Dividing the script up is good advice. Also, if you are not using Python or C# then you should consider it (if this is an option) since every node on the graph tesselates and that hammers performance. One of the drawbacks of visual programming is redundancy, so on large graphs this can become crippling. For example, you may find that 10s (maybe even 100s) of nodes can be condensed into a single python script. You also have the option to dispose objects while the script executes, and this may be the silver bullet you are looking for.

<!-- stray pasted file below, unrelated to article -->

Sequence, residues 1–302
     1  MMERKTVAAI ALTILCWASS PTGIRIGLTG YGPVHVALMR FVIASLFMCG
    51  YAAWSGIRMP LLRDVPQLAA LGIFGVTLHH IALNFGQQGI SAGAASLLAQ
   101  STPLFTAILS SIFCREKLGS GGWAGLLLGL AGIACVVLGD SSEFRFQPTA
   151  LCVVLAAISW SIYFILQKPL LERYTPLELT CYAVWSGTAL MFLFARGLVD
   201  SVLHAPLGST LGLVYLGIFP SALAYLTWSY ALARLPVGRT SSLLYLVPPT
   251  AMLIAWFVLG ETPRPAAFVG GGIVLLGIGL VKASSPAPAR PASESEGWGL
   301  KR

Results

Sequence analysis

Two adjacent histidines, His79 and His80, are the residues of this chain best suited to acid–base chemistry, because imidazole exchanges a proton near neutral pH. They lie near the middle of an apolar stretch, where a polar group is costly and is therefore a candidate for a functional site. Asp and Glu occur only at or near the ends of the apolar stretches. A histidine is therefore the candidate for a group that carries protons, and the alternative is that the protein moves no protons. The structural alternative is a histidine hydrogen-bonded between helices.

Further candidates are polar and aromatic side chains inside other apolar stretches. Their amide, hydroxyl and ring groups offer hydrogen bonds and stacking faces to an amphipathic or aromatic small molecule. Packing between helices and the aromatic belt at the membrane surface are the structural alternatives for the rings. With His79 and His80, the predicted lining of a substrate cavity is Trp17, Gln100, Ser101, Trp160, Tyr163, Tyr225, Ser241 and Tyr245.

The other major drawback with Dynamo is it has no lightweight geometry library, which means every feature is top-level (or to put it another way, all features inherit the full set of attributes, which adds to the profligacy of the file and impacts on memory).
There's a very useful page on the Dynamo wiki about working with large datasets. It explains the tessellation issue in an easy-to-understand fashion too: